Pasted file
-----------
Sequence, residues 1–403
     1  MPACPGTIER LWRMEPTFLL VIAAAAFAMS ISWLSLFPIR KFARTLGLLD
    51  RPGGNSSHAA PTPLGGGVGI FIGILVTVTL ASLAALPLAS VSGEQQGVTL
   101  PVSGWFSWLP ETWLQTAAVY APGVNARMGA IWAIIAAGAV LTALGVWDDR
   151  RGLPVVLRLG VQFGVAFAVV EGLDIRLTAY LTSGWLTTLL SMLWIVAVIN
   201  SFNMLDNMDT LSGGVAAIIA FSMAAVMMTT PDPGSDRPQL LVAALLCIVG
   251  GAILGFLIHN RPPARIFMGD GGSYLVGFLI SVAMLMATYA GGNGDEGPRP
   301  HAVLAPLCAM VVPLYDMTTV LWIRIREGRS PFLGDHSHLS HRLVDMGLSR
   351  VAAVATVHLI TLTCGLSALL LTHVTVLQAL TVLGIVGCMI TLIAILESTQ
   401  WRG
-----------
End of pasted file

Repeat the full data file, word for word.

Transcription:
Sequence, residues 1–403
     1  MPACPGTIER LWRMEPTFLL VIAAAAFAMS ISWLSLFPIR KFARTLGLLD
    51  RPGGNSSHAA PTPLGGGVGI FIGILVTVTL ASLAALPLAS VSGEQQGVTL
   101  PVSGWFSWLP ETWLQTAAVY APGVNARMGA IWAIIAAGAV LTALGVWDDR
   151  RGLPVVLRLG VQFGVAFAVV EGLDIRLTAY LTSGWLTTLL SMLWIVAVIN
   201  SFNMLDNMDT LSGGVAAIIA FSMAAVMMTT PDPGSDRPQL LVAALLCIVG
   251  GAILGFLIHN RPPARIFMGD GGSYLVGFLI SVAMLMATYA GGNGDEGPRP
   301  HAVLAPLCAM VVPLYDMTTV LWIRIREGRS PFLGDHSHLS HRLVDMGLSR
   351  VAAVATVHLI TLTCGLSALL LTHVTVLQAL TVLGIVGCMI TLIAILESTQ
   401  WRG